Brief meetings are convened to offer the workers an opportunity to give their inputs and share their challenges and problems with the management.

The collaborative decision making not only ensures that the corporation remains ahead in its quest to conquer the retail markets but it also offers the much needed motivation to the employees. However, the decision on whether to implement the suggestions made by the employees rests sorely on the managers (Cranwell-Ward et al, 2002, p. 146).

Communication, Negotiation, Conflict Resolution, and Motivational Methods

Tesco Plc has always recognized that open communication channels and open door policy are fundamental to its success. The management has also recognized that well-motivated employees are vital for the sustained success of the organization (Cranwell-Ward et al, 2002, p. 146). Tesco started a review of work methods in the 1990’s to with the challenges of an increasing variety of products and services.

The review, also known as FUTURE program aimed at opening the channels of communication for effective management of workers. In addition, the program was aimed at freeing the employees so that they could achieve more for the organization. At Tesco, every worker has been given the opportunity to identify and voice the challenges faced, including suggesting solutions in an open and structured manner.

This serves to motivate employees to achieve more for the company while working in an environment where the freedom of communication is guaranteed and respected.

Through the FUTURE program, workers are offered the opportunity to negotiate for the tasks and duties done on behalf of the organization and how such duties could be streamlined, improved or stopped if they have no value addition. Again, this kind of freedom and responsibility serves to heighten motivation levels on the part of employees.

According to Cranwell-Ward et al (2002), “the consultation and involvement process, combined with additional communication results in a release of energy and enthusiasm in staff as they become aware that their views are appreciated and ideas actioned” (p. 146). The management also uses feedback and regular communication to enhance elevated states of motivation and productivity.

At Tesco, routine and tools that enhance more face-to-face communication on individualized basis enhances motivation on the part of employees even in times of intense organizational change. Team meetings are also used by the management to brief and consult employees on a variety of issues relevant to them.

These open communication channels ensures that conflicts are solved through amicable ways and employee-management relations remains cordial. Consequently, employees are able to attain high motivational levels to propel the corporation into new heights in terms of performance.

SWOT Analysis

In strengths, Tesco is the leading British retailer based on the local market share and global sales. In addition, the corporation ranks among the three largest worldwide retailers based on both revenue and profits (Tesco, 2009). The corporation’s multi-format capacity will ensure its continued growth in both food and non-food market shares.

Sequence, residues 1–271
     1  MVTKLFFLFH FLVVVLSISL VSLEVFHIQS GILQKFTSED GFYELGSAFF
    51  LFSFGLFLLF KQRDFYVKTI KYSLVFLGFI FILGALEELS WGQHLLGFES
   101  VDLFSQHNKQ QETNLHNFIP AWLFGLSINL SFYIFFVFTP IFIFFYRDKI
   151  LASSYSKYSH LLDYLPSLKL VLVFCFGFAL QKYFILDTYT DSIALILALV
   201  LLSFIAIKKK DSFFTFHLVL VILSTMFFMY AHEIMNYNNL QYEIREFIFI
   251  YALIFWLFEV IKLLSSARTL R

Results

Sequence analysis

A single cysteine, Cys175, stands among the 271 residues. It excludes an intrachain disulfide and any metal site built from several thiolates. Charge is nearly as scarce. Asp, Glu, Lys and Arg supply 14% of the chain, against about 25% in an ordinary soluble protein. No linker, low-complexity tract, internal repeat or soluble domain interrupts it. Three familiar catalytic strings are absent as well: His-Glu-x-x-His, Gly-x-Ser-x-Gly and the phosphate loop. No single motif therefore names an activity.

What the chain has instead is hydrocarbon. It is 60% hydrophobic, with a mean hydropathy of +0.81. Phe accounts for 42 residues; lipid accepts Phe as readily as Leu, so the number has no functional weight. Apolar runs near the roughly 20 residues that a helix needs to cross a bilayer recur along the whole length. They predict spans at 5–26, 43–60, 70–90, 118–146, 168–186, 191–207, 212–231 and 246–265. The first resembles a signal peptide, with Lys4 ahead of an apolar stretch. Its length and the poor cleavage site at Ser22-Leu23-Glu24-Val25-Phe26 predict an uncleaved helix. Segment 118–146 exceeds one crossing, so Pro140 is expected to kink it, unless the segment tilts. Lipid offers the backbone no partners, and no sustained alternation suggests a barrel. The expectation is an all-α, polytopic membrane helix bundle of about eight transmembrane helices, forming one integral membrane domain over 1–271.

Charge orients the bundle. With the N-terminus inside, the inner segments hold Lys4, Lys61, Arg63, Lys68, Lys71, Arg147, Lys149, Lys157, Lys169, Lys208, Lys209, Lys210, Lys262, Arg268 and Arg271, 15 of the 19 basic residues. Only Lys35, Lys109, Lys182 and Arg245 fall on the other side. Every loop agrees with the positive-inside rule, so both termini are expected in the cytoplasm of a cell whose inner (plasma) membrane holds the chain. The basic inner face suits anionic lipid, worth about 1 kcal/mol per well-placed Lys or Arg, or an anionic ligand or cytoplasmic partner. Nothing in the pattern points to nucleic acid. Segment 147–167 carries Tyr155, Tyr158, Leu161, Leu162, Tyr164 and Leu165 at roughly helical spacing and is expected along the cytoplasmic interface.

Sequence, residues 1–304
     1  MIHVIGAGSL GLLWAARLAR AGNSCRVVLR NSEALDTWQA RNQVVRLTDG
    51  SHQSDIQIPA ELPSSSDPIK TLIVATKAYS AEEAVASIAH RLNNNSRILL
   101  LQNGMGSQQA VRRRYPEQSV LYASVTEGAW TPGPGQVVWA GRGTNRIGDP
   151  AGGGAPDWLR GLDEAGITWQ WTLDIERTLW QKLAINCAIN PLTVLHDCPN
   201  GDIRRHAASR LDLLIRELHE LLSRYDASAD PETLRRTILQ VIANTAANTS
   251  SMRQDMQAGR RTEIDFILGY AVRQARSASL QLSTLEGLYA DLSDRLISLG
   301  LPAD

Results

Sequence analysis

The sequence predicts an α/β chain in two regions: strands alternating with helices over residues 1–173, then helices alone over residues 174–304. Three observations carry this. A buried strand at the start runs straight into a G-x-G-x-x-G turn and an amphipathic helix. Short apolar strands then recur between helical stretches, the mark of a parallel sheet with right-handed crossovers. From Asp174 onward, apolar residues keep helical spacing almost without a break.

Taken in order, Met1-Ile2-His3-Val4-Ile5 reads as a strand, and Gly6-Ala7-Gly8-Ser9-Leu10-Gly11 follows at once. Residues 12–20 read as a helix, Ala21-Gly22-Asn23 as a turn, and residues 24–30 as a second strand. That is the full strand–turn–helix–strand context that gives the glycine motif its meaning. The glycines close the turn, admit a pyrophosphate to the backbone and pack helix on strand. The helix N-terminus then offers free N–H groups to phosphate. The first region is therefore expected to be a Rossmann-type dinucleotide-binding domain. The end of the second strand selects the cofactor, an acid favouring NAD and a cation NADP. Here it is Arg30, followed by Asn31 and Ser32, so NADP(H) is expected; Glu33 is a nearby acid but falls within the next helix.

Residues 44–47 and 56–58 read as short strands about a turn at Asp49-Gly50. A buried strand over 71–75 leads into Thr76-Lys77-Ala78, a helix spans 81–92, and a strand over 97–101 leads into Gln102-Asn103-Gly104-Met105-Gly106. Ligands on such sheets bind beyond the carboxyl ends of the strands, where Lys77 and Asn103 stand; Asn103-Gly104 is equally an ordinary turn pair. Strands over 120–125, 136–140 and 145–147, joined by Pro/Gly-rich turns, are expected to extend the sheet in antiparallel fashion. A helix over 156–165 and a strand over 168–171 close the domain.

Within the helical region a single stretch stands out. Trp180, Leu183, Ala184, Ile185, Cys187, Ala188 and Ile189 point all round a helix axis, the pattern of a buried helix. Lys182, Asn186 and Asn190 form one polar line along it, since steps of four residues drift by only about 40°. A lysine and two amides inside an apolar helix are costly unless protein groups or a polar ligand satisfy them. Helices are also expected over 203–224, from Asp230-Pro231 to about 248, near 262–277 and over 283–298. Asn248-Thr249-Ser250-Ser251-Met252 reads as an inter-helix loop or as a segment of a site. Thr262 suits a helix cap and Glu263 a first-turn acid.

Tesco’s diversification into non-food items such as insurance, internet and banking services have only served to increase the corporation’s financial clout. Tesco.com is the leading online supermarket globally. What’s more, the corporation have been able to build a formidable brand image that is associated with quality customer shopping experience, trustworthy goods and products, and excellent value for money.

In weaknesses, Tesco has often been accused of overly relying on the UK market. The corporation has a lot of opportunities especially in the non-food retail sector. According to industry experts, the corporation can continue to use its low cost structure coupled with improved merchandizing expertise to make significant inroads into the non-food market share, especially in electronics, internet and entertainment.

Tesco’s threats arise from the external operating environment, stiff competition from peer supermarkets, economic crises and mergers of supermarkets especially in the UK.

Conclusion

According to the discussion above, it is evident that Tesco will achieve monumental growth in the coming years since it has successfully fended of the 2008 economic crises despite undertaking aggressive expansion programmes (English, 2009 p.1).

While the corporation’s financial clout and customer base looks stable for now, immense opportunities for growth exists in the future due to the way its organizational culture, structure, decision making processes and leadership has helped the supermarket to manage people – both employees and customers.

Tesco’s management of the above elements have inarguably enabled it to foster cost-effectiveness, organizational efficiency and employee commitment. Consequently, Tesco is headed for better times in the future due its effective strategies in both organizational and people management.

List of References

Benjamin, T. (2007) . CNN. Web.

Bono, E., & Heller, R. (2006) Tesco Management. Web.

Cranwell-Ward, J., Bacon, A., & Mackie, R. (2002) . Cengage Learning EMEA Datamonitor. (2004) Tesco Plc. Web.

English, S. (2009) Tesco Keeps its Crown as Results Beat City Forecasts. The Evening Standard. Web.

Hofstede, G., & Hofstede, G. J. (2005) Cultures and Organizations: Software of the Mind, 2nd Ed. London: McGraw-Hill.

Hutchings, I. (2005) Tesco in the Czech Republic. In M. Terterov & J. Reuvid (Eds) Doing Business with the Czech Republic. GMB Publishing Ltd. ISBN: 9781905050550

Investor Words. (2009) Globalization. Web.

Price, A. (2007) Human Resource Management in a Business Context, 3rd Ed. Cengage Learning Business Press. ISBN: 9781844805488.

Tejeda, M. J., Scandura, T. A., & Pillai, R. (2001) Transformational leadership. The Leadership Quarterly, 12, 31-52.

Tesco plc (2009) Welcome to Tesco Plc. Web.

Tesco Merger approval Criticized. (2004). Web.

Wentling, R. M. (2004) Factors that assist and Barriers that Hinder the Success of Diversity Initiatives in Multinational Corporations. Human Resource Development International, Vol. 7, No. 2, pp. 165-180

Williamson, V. A. (2000) Business in times of Change. The Irish Times. Web.